Charlotte Pearson doing field work
Charlotte Pearson doing field work

Why did some Mediterranean civilizations fall and others endure? How were societies impacted by natural catastrophes such as droughts, forest fires, and volcanic eruptions—and over what time frame?

The Center for Mediterranean Archeology and the Environment (CMATE) aims to fill in the gaps in the Mediterranean timeline and complete a 10,000-year tree-ring chronology of the region.

On Wednesday (Sept. 30) at 3:30 p.m., Charlotte Pearson will be at the Arizona Senior Academy to lead the audience on a Mediterranean tour that focuses on the range of evidence CMATE researchers use to study human and environmental interactions.

Pearson is a University of Arizona geoarchaeologist and dendrologist who analyzes and dates tree rings to determine major climatic events of the past.

She is also the associate director of CMATE, the new interdisciplinary research center in the UA Laboratory for Tree-Ring Research, where the science of dendrology began nearly a century ago. CMATE brings together tree-ring scientists, geologists, anthropologists, and experts in radiocarbon dating seeking answers to some critical unresolved questions in the history of the Mediterranean.

A highlight of the talk at the Senior Academy will be a visit to the “Emperor’s Lost Harbor” in Istanbul’s Yenikapi district, which has been called “the greatest nautical archaeological site ever discovered.”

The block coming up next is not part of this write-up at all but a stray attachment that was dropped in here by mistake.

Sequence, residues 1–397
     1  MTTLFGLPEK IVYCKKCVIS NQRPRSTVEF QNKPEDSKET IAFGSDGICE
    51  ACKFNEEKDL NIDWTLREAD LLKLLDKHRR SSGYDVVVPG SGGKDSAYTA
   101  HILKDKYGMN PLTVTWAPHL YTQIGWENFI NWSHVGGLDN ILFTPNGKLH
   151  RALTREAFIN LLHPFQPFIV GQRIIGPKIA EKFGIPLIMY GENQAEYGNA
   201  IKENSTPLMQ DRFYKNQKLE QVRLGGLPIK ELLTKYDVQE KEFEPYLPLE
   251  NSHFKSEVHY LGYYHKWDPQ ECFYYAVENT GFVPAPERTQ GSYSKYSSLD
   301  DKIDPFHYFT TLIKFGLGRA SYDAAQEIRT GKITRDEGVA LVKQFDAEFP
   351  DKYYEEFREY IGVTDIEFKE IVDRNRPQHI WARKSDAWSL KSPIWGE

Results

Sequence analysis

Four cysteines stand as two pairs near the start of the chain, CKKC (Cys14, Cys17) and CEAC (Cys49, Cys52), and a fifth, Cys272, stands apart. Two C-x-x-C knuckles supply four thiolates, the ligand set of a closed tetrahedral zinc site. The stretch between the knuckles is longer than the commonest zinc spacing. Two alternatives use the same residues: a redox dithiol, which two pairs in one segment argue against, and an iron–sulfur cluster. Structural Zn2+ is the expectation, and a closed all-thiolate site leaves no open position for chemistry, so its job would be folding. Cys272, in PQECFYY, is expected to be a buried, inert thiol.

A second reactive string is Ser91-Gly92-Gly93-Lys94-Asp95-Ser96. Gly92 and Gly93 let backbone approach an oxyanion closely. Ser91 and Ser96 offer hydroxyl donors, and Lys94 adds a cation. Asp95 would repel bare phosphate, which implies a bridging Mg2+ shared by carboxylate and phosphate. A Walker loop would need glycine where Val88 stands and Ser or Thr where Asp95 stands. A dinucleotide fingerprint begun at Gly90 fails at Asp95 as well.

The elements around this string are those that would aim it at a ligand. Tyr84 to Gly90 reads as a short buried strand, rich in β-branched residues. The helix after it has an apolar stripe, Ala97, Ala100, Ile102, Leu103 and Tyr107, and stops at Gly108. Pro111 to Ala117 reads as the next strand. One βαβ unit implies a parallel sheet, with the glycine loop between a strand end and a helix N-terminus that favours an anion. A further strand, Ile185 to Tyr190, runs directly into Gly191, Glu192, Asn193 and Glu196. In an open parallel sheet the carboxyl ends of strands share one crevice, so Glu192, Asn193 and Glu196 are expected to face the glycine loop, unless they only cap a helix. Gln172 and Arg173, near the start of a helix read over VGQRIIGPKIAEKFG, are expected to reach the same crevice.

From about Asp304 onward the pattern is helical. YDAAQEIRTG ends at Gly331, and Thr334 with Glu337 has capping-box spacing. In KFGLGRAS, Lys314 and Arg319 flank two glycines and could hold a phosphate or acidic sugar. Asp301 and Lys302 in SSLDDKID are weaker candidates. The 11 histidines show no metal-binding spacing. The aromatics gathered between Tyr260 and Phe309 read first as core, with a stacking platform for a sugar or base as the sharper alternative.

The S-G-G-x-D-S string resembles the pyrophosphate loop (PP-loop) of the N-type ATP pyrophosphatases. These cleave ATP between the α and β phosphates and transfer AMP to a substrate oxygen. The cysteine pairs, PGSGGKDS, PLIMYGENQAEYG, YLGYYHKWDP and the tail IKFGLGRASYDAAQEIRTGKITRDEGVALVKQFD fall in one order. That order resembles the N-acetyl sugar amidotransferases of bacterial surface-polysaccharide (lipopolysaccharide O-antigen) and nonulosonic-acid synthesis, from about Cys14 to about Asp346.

In 2004, as excavations began for a new high-speed train tunnel, the discovery of 37 well-preserved shipwrecks dating from the fifth to the eleventh century brought construction to a temporary halt—and archaeologists from all over the world. The ships and ancient oak pier pilings hide a trove of clues to trade and climate variations in Byzantine times. CMATE has collected some 4,000 samples from the site.

A native of Wales, Pearson was associated with the school of Human and Environmental Sciences at the University of Reading, UK, before working as a research associate and manager of the Cornell tree-ring laboratory from 2007-2012.

Written by Caroline Bates, Academy Village volunteer



Time Traveling the Mediterranean with Tree Rings: Sept.2015
Tagged on: